I know nothing about the character Omega the Unknown, but the art on this book caught my eye, so I thought I’d give it a try (plus Paul Horschemeier of the wonderful Mother, Come Home is involved). Co-written by Jonathan Lethem, author of the novel Fortress of Solitude (which actually boasts references to Omega the Unknown), this is a high profile book that doesn’t really have the feel of your typical superhero book, but certainly does have elements of such, like robots and energy beams and whatnot. But, well, really I don’t know much of what was going on while I was reading this book, but it was cool and fun. Farel Dalrymple’s art gives it an alternative comics feel, which is appropriate given how the story doesn’t really read like a mainstream comic. It has a weird dream-like quality among the…well, dreams. But there’s plenty of action and mystery among the weirdness that make for a really intriguing debut issue. The story is ten issues long, and should it continue on its current track, it should be a pretty interesting story with more in common with some of the Hernandez Brothers’ weird sci-fi work than your typical Marvel comic, not to make it seem like more than what it is... B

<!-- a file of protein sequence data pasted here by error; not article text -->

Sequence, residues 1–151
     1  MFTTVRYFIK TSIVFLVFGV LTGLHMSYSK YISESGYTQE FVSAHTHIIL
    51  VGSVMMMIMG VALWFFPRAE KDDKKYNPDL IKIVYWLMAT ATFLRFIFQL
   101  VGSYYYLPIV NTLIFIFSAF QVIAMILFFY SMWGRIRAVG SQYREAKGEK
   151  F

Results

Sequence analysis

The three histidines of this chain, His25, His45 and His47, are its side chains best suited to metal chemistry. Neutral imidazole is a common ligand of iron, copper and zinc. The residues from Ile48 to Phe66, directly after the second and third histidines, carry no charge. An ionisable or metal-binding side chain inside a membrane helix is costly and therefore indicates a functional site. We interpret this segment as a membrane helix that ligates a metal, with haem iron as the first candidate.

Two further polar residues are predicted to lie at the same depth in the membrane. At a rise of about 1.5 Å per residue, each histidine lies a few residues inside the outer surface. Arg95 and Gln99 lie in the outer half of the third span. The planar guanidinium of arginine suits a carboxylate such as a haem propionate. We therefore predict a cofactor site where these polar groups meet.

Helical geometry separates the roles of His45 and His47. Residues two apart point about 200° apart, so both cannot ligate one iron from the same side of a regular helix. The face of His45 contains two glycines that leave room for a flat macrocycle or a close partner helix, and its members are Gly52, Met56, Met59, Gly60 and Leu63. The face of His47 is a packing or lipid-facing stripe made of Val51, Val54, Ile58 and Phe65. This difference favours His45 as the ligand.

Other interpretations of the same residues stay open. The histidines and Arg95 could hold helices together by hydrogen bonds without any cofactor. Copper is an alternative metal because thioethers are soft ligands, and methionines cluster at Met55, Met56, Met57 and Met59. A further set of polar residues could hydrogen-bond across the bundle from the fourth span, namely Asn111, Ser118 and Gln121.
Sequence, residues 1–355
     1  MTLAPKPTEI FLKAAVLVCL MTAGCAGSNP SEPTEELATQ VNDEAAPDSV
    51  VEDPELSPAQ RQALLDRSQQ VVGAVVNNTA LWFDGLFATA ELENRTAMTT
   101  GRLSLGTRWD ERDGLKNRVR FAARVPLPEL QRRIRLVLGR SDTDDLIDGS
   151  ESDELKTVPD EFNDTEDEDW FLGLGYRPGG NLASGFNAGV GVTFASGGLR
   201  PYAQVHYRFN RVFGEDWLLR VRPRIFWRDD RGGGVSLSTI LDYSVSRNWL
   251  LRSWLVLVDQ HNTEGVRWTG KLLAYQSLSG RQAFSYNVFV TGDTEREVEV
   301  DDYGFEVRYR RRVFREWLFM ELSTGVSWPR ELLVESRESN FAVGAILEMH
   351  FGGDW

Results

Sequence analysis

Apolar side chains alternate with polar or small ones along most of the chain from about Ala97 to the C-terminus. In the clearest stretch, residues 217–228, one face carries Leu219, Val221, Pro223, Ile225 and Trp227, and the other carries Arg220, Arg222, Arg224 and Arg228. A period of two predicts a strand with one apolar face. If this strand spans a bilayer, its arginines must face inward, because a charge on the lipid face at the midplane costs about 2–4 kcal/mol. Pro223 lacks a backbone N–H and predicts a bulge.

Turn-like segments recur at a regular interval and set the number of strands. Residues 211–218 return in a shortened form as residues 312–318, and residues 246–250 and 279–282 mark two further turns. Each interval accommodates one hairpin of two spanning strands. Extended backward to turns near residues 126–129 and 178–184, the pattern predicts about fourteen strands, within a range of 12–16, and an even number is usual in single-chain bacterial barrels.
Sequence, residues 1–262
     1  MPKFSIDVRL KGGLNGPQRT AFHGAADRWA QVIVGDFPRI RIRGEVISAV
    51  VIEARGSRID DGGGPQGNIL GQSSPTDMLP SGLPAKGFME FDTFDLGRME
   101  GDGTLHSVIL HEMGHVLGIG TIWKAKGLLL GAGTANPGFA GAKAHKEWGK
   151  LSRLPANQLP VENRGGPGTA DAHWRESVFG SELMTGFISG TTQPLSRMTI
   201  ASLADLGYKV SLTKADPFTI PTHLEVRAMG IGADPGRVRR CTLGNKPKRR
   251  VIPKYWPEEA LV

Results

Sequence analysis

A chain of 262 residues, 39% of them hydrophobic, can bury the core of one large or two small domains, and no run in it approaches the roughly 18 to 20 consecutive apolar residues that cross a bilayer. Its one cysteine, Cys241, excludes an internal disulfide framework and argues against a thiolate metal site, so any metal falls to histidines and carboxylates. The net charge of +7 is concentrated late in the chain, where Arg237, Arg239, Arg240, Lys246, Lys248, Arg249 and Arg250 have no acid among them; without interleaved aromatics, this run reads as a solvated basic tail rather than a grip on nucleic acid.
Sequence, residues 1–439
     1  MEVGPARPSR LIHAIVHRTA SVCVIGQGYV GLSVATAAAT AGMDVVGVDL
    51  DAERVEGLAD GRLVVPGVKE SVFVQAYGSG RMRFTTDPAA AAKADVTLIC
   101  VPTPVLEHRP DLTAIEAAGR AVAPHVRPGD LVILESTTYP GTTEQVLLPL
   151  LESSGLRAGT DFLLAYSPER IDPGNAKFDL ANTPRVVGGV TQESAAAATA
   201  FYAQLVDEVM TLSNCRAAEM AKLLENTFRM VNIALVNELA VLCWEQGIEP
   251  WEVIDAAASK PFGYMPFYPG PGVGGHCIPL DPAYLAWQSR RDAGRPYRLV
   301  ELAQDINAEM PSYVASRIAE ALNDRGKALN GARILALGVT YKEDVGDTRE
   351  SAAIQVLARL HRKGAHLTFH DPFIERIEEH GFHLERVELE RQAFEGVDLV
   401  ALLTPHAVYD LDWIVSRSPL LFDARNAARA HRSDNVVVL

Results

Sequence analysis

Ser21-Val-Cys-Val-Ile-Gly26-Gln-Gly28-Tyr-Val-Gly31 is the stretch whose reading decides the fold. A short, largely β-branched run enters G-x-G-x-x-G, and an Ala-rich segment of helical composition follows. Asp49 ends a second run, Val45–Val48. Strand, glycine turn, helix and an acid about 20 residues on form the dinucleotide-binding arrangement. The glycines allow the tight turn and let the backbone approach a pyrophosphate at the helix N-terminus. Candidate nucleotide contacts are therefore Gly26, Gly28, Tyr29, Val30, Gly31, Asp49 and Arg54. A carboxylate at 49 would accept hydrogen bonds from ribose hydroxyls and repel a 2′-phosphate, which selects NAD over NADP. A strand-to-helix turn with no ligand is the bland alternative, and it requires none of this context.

Tuesday, October 02, 2007

Picks of the Week: 10/3

Here are our picks for your best bets on where to spend your money this Wednesday when books arrive at the local comic shop...

Patrick’s Pick